Truvada® was covered until 25 July 2017 by European patent EP0915894. The effects of the patent have been extended by supplementary protection certificates (SPCs) which will expire between 21 and 24 February 2020 depending on the countries.

The SPCs are based on European Union marketing authorization EU/1/04/305/001 and on claim 27 of the basic patent, which reads as follows:

A pharmaceutical composition comprising a compound according to any one of claims 1-25 [N.B. tenofovir disoproxil is claimed in claim 25] together with a pharmaceutical carrier and optionally other therapeutic ingredients.

As will be readily spotted by our trained readers, the main question of law arising from this wording is whether the use of the expression “other therapeutic ingredients” to refer to emtricitabine (FTC) is indeed sufficient to protect the TDF/FTC combination pursuant to Article 3(a) of Regulation (EC) No. 469/2009 of the European Parliament and of the Council (hereafter the « SPC regulation »).

Intense litigation over the validity of the SPCs has ensued, which has notably led Justice Arnold of the High Court of England and Wales to request a preliminary ruling of the CJEU on the question of knowing “What are the criteria for deciding whether ‘the product is protected by a basic patent in force’ in Article 3(a) of the SPC Regulation?” (yes, again). The case is pending as C-121/17.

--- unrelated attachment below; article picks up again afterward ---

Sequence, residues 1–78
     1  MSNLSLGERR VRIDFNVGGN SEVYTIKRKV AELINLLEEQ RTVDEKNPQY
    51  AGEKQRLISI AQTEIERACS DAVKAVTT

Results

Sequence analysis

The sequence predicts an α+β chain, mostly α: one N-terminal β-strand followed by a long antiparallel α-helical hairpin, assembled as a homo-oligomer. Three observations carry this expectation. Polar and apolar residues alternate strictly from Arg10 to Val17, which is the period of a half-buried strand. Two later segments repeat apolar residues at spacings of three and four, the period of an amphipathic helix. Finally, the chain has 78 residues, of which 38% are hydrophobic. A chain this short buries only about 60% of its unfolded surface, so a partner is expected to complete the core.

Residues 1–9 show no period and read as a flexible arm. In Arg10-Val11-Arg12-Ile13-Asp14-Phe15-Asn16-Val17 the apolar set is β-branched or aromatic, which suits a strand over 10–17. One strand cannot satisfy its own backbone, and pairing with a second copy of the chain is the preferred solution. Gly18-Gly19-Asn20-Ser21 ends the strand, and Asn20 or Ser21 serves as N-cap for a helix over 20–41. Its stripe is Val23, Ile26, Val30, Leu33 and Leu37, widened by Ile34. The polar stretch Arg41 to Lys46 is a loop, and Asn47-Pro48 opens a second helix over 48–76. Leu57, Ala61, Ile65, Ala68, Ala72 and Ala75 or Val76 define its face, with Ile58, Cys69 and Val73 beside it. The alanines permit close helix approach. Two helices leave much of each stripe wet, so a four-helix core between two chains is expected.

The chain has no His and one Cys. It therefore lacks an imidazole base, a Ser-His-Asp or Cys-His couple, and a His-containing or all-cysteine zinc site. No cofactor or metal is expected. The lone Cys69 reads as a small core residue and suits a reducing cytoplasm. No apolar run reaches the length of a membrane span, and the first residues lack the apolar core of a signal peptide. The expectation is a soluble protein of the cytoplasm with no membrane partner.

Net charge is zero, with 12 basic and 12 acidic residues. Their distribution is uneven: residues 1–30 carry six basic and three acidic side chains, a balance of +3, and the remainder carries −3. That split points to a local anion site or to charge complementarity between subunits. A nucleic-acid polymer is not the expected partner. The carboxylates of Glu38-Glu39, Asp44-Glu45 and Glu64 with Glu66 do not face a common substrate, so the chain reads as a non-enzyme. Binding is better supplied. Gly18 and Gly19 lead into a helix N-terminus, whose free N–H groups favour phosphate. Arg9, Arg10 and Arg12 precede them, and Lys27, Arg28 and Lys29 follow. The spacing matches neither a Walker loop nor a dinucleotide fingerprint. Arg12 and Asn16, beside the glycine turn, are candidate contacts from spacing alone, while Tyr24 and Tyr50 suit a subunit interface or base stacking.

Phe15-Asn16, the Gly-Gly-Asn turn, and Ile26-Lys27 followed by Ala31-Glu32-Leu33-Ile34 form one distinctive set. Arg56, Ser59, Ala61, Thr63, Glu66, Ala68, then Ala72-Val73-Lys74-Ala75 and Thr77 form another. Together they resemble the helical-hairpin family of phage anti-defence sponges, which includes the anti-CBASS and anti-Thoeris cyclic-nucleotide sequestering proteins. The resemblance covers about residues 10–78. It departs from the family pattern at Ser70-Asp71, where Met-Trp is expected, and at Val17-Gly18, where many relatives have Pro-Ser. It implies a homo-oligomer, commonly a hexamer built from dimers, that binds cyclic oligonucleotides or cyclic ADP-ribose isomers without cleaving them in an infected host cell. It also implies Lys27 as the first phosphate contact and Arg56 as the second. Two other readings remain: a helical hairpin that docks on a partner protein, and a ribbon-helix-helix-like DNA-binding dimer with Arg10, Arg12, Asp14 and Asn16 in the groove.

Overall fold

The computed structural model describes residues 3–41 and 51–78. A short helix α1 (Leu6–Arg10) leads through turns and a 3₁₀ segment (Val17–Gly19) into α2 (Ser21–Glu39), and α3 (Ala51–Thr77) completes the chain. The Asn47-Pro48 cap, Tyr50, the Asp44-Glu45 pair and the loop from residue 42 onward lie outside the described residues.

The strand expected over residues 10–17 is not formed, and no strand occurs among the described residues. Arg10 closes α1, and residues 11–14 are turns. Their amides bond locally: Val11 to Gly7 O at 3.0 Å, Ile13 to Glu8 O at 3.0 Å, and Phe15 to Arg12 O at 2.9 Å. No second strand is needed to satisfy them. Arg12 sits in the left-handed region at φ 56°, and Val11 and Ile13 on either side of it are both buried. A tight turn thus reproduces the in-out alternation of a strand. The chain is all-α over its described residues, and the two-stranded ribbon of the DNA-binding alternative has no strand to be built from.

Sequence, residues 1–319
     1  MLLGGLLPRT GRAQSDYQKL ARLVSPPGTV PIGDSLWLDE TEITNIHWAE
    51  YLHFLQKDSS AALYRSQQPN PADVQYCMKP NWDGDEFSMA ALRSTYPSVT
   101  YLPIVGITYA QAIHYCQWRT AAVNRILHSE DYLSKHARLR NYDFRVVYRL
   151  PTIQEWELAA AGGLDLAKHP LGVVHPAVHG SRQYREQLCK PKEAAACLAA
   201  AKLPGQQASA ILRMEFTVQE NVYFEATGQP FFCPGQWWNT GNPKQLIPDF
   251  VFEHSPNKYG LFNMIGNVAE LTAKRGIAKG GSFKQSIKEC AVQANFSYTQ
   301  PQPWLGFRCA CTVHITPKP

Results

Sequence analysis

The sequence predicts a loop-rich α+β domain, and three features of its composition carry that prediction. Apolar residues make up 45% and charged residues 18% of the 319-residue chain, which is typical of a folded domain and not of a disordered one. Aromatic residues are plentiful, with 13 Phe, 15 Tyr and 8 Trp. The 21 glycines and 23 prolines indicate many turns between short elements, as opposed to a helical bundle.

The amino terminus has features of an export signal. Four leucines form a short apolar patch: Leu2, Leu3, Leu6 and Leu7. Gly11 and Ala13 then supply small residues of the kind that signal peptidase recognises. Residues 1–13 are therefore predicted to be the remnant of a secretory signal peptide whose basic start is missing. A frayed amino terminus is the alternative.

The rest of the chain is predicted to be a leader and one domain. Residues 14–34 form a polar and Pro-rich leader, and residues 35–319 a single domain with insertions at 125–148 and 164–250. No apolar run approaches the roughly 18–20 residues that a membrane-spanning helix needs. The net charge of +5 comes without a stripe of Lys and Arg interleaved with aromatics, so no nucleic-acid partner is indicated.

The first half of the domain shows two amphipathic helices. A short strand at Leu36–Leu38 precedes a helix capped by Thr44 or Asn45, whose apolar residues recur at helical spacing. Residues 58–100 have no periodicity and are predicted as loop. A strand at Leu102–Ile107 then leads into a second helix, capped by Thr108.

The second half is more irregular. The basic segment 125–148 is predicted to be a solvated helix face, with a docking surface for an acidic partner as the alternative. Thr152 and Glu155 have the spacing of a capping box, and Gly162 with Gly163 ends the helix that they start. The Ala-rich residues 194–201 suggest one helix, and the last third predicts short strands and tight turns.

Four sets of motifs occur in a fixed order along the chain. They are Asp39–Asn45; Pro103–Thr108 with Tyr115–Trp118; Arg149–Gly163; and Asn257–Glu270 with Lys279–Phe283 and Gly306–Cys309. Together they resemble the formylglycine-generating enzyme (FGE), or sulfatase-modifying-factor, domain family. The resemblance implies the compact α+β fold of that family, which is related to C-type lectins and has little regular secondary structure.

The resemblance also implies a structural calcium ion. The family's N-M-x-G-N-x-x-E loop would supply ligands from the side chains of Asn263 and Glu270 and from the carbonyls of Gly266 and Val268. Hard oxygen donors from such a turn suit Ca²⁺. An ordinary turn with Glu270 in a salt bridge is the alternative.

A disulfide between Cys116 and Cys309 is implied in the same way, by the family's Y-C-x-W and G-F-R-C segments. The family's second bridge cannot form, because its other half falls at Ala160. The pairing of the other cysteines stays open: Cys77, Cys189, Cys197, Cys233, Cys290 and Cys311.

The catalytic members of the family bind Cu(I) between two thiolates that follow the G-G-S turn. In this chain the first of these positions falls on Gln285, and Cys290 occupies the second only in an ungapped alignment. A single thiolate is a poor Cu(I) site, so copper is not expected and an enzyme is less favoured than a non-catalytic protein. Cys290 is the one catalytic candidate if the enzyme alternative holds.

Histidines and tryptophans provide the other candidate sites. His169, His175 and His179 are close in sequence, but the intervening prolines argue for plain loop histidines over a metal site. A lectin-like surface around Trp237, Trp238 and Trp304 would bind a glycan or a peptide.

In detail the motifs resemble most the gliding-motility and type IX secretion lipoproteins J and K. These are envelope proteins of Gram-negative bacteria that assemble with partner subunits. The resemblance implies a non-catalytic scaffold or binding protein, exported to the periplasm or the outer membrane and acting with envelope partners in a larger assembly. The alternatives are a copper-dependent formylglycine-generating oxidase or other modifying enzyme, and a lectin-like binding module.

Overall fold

The current status of selected SPCs is summarized in the following table:

Country Decision of the patent Office Validity status
Belgium Granted Ruling on the merits pending
Germany Granted Ruling on the merits pending
Great-Britain Granted Ruling of the High Court stayed pending C-121/17
Ireland Granted Ruling on the merits pending
Italy Granted Ruling on the merits pending
The Netherlands Rejected Ruling of the Court of Appeal stayed pending C-121/17
Spain Rejected Rejection overturned by the Administrative Court of Madrid
Sweden Rejected Rejection upheld by the Court of Appeal

It is now France’s turn to take position on the validity of the SPC.